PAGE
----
to avoid, and whose very name it was punishment to him to pronounce. He had
done all this for a girl whom he could
neither regard nor esteem. Her heart did whisper that he had done it for her.
But it was a hope shortly checked by other considerations, and she soon felt
that even her vanity was insufficient, when required to depend on his
affection for her -- for a woman who had already refused him -- as able to
overcome a sentiment so natural as abhorrence against relationship with
Wickham. Brother-in-law of
Wickham! Every kind of
pride must revolt from the
connection. He had, to be sure, done much. She was ashamed to think how
much. But he had given a reason for his interference, which asked no
extraordinary stretch of belief. It was reasonable that he should feel he had
been wrong; he had liberality, and he had
the means of exercising it; and
though she would not place herself as his principal inducement, she could,
perhaps, believe that remaining partiality for her might assist his endeavours
in a cause where her peace of mind must be materially concerned. It was
painful, exceedingly painful, to know that they were under obligations to a
person who could never receive a return. They owed the restoration of
Lydia, her character, every thing, to
him. Oh! how heartily did she grieve over every ungracious sensation she had
ever encouraged, every saucy speech she had ever directed towards him. For
herself she was humbled; but she was
proud of him. Proud that in a
cause of compassion and honour, he had been able to get the better of himself.
She read over her aunt's commendation of him again and again. It was hardly
enough; but it pleased her. She was even sensible of some pleasure, though
mixed with regret, on finding how steadfastly both she and
her uncle had been persuaded that
affection and confidence subsisted between
Mr. Darcy and herself.
She was roused from her seat, and her reflections, by some one's approach;
and before she could strike into another path, she was overtaken by
"I am afraid I interrupt your solitary ramble, my dear
sister?" said he, as he joined her.
"You certainly do," she replied with a smile; "but it does not follow that
the interruption must be unwelcome."
"I should be sorry indeed, if it were. We were always good
friends; and now we are better."
"True. Are the others coming out?"
"I do not know. Mrs. Bennet and
Lydia are going in the carriage to
Meryton. And so, my dear
sister, I find, from
aunt, that you have actually seen
She replied in the affirmative.
"I almost envy you the pleasure, and yet I believe it would be too much for
me, or else I could take it in my way to
Newcastle. And you saw the
old housekeeper, I suppose? Poor
Reynolds, she was always very fond of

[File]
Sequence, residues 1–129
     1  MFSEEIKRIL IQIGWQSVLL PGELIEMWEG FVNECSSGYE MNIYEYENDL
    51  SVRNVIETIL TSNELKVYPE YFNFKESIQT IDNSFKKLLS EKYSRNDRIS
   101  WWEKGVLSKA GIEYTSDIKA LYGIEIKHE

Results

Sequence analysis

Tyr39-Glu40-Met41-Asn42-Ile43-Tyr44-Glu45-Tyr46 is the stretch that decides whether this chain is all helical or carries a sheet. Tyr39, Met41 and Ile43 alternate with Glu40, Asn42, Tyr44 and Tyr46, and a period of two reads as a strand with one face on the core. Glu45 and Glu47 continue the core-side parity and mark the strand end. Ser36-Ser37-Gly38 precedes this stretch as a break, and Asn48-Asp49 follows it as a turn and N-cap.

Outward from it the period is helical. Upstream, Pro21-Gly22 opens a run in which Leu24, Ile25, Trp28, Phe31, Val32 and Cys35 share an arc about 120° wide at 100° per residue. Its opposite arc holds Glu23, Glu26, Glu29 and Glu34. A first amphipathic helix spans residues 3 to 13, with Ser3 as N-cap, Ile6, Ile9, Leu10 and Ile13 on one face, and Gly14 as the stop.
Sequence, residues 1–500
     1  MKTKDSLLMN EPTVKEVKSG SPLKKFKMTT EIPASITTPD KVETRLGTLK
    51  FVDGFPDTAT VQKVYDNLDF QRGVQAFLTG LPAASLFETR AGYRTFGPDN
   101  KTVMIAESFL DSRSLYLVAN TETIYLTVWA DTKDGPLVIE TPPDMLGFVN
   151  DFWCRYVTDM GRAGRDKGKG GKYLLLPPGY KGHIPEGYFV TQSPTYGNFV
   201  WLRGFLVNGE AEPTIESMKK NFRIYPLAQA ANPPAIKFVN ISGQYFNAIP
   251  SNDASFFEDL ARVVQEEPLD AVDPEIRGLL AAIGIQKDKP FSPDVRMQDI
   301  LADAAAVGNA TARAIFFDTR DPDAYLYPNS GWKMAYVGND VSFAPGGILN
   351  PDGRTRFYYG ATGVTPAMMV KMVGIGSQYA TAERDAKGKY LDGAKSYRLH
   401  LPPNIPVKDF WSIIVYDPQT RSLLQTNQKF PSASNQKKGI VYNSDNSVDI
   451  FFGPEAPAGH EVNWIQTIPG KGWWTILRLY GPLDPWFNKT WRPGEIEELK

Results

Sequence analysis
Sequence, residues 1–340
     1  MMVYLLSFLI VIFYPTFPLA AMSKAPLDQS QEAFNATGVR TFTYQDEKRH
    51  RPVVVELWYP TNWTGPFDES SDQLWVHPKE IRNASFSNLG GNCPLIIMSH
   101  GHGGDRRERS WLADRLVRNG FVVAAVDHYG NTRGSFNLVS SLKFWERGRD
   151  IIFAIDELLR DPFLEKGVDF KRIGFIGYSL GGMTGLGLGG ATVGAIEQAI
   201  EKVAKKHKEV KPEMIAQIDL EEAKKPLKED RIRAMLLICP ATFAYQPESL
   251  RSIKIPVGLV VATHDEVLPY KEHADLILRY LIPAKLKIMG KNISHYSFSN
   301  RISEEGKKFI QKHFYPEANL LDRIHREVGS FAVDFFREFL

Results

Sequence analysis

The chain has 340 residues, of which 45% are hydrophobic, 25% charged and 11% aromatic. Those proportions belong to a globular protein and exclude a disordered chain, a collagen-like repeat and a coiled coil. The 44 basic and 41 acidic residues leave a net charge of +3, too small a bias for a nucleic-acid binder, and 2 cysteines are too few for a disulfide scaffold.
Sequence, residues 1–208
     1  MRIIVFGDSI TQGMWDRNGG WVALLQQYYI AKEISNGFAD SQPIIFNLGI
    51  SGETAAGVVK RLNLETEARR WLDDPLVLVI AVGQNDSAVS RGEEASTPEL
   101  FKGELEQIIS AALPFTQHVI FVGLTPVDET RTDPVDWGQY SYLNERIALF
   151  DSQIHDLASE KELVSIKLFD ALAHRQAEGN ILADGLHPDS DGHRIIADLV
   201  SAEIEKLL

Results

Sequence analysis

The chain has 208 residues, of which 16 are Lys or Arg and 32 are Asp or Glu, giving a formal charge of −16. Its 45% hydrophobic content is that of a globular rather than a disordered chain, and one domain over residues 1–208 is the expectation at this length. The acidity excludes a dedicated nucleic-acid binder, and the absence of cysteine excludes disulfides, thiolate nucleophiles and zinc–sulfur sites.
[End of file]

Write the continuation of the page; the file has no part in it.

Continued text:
me. But of course she did not mention my name to you."
"Yes, she did."
"And what did she say?"
"That you were gone into the army, and she was afraid had -- not turned out
well. At such a distance as that, you know, things are strangely
"Certainly," he replied, biting his lips.
Elizabeth hoped she had silenced
him; but he soon afterwards said,
"I was surprised to see Darcy
in town last month. We passed each other
several times. I wonder what he can be doing there."
"Perhaps preparing for his marriage with
Miss de Bourgh," said
Elizabeth. "It must be something
particular, to take him there at this time of year."
"Undoubtedly. Did you see him while you were at
Lambton? I thought I understood from
the Gardiners that you had."
"Yes; he introduced us to his
"And do you like her?"
"I have heard, indeed, that she is uncommonly improved within this year or
two. When I last saw her, she was not very promising. I am very glad you
liked her. I hope she will turn out well."
"I dare say she will; she has got over the most trying age."
"Did you go by the village of
"I do not recollect that we did."
"I mention it, because it is the living which I ought to have had. A most
delightful place! -- Excellent Parsonage House! It would have suited me in
"How should you have liked making sermons?"
"Exceedingly well. I should have considered it as part of my duty, and the
exertion would soon have been nothing. One ought not to repine; -- but, to be
sure, it would have been such a thing for me! The quiet, the retirement of
such a life would have answered all my ideas of happiness! But it was not to
be. Did you ever hear Darcy
mention the circumstance, when you were in
"I have heard from authority, which I thought as good,
that it was left you conditionally only, and at the will of the present
"You have. Yes, there was something in that; I told you so from
the first, you may remember."
"I did hear, too, that there was a time, when sermon-making was
not so palatable to you as it seems to be at present; that you actually
declared your resolution of never taking orders, and that the business had
been compromised accordingly."
"You did! and it was not wholly without foundation. You may remember what
I told you on that point, when first we talked of it."
They were now almost at the door of the house, for she had walked fast to
get rid of him; and unwilling, for her
sister's sake, to provoke him, she only said in reply, with a
"Come, Mr. Wickham, we are
sister, you know. Do not let us quarrel about
the past. In future, I hope we shall be always of one mind."
She held out her hand; he kissed it with affectionate gallantry, though he
hardly knew how to look, and they entered the house.